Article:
I used mostly books – heaps of them - and museum visits. I also got hold of videos of Delaware and Pennsylvania, and a film, The New World. I use bibliographies to find titles and the internet to track down books. In particular I look for first-hand accounts. My ‘bible’ was Narratives of Early Pennsylvania, which was incredibly useful for finding out about the country, the wildlife and plants, and how the settlement of Philadelphia was managed. Of course there are always questions you can’t find an answer to, so there is quite a lot of guesswork in the details. I would have loved to have found the journal of an ordinary settler from the 1680s, but no such luck! However, William Penn was a great communicator; his writings give a vivid picture of this new land and its inhabitants – he was, after all, often writing to attract wealthy backers and new settlers. For the merchants and apprentices, I found a copy of a 1948 book about Quaker merchants in early Philadelphia which told me almost everything I needed to know.
Barbados was easier. I used a tourist guide and the Sufferings of Early Quakers covering America and the West Indies. This gave me detailed first-hand records of what was happening to Friends in Barbados at the time. I usually buy rather than borrow books as I don’t have easy access to major libraries, but I did spend a few days in Birmingham’s reference library and the wonderful university library.
For Tokpa’s memories and experience I visited museums: the Africa galleries at the British Museum (I went there three times!) and the Museum of Slavery in Liverpool, which was full of inspiring exhibits. I worked hard to verify everything - though I’m sure I got things wrong. But in the end you can’t get everything right. You can only try to make the story ‘true’ in the sense that you have imaginatively entered the minds of your characters and the world they inhabit.

What did you most enjoy about writing Seeking Eden and what did you find most difficult?

I like a challenge – and these were big, difficult themes and an environment that was new to me. I found that exhilarating. And I enjoyed, as always, the actual writing and construction of the story and seeing the characters evolve.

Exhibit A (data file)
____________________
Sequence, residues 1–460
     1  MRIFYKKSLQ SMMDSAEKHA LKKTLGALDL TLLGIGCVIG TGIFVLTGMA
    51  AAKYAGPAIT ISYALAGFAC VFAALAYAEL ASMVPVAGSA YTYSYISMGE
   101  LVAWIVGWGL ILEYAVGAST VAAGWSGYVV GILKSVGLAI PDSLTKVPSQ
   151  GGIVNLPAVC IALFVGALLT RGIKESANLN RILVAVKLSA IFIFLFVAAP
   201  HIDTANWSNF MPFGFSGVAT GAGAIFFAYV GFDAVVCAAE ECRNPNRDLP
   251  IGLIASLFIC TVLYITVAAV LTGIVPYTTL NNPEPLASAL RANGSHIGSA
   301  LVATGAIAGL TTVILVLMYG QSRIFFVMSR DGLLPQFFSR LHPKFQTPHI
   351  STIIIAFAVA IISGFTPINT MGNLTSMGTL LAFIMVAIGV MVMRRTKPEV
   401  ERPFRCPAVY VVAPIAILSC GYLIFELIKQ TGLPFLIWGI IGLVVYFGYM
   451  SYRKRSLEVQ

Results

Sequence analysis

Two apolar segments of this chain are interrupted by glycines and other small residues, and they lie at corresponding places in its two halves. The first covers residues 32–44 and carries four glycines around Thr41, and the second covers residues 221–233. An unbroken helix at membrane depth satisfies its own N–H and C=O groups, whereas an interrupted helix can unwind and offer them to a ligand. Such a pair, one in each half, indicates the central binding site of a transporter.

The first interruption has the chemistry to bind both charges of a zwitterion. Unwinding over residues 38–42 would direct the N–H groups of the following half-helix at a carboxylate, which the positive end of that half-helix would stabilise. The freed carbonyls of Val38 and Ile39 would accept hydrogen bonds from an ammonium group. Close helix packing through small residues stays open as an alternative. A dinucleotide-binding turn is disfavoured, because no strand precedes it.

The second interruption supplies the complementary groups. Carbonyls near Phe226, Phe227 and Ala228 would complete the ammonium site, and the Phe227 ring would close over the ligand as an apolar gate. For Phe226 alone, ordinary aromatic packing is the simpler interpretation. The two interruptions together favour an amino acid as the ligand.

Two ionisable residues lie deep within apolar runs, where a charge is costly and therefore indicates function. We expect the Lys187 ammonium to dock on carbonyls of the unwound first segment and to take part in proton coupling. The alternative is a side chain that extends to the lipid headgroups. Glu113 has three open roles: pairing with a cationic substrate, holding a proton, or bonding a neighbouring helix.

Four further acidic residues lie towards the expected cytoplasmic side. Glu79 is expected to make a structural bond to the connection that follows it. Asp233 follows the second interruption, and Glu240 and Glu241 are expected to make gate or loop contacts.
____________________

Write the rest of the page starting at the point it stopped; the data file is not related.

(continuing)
The most difficult things?  Writing about places I had not visited – not being able to go to the libraries and museums in Philadelphia and walk around in the places where the first settlers lived.   Trying to imagine the inner lives of Tokpa and Miata and to create a convincing voice for Tokpa.   Fearing that it would never work, and trying to get it done on time (I was months late delivering!)

Ann, thank you so much for joining us today, and I hope that some of our followers will be inspired to read your wonderful books.


Mary Hoffman said...

And Ann Turnbull is our guest on June 29th, talking about travelling with a baby in the 17th century!

Penny Dolan said...

Ann, thank you for a really practical post about the various faces of research, Thanks too, Marie-Louise, for asking the right questions.

adele said...

Hurray! Wonderful to see one of my favourite writers properly feted!

michelle lovric said...

I keep hearing wonderful things about these books from people whose opinions I respect. Now I shall definitely read them. Thank you both for the interview!

Caroline Lawrence said...

Ooh! These sound good! In the meantime I'm loving The Girl in the Mask, by one M-L Jensen. So many good histnovels... so little time!

Astrid Holm said...

These sound like really good books, will definately search them out, thank you.